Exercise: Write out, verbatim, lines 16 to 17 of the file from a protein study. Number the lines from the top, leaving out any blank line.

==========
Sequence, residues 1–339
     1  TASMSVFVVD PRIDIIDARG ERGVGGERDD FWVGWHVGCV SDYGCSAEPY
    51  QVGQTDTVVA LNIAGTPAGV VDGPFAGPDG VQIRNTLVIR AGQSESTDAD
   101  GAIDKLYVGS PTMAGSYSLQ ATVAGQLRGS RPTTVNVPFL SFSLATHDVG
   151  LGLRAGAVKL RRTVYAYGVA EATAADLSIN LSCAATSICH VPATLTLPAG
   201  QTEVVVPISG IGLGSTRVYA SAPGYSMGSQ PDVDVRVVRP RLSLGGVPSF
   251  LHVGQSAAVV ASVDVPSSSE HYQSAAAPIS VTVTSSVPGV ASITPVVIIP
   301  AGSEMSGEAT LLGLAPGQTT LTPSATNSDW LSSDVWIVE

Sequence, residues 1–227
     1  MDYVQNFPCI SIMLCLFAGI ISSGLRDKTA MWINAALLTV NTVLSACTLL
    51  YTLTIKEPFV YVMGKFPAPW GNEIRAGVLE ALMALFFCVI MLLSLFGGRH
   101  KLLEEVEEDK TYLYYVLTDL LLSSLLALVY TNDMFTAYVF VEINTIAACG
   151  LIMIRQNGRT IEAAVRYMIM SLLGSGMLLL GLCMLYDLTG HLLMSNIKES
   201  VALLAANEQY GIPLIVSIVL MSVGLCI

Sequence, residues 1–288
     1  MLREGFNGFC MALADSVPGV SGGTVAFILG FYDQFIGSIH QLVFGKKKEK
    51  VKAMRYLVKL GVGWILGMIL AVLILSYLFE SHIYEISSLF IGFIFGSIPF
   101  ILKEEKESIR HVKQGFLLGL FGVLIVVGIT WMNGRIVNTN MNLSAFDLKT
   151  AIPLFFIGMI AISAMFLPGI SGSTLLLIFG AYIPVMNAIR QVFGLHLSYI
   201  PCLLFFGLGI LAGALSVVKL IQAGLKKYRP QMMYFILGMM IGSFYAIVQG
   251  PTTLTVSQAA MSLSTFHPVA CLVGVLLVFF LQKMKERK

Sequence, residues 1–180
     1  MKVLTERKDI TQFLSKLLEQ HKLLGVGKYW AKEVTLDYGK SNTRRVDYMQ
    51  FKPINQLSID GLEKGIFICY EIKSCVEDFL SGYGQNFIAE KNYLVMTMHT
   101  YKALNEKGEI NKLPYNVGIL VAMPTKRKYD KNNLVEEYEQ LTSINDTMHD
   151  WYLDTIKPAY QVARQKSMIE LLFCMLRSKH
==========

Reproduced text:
     1  MLREGFNGFC MALADSVPGV SGGTVAFILG FYDQFIGSIH QLVFGKKKEK
    51  VKAMRYLVKL GVGWILGMIL AVLILSYLFE SHIYEISSLF IGFIFGSIPF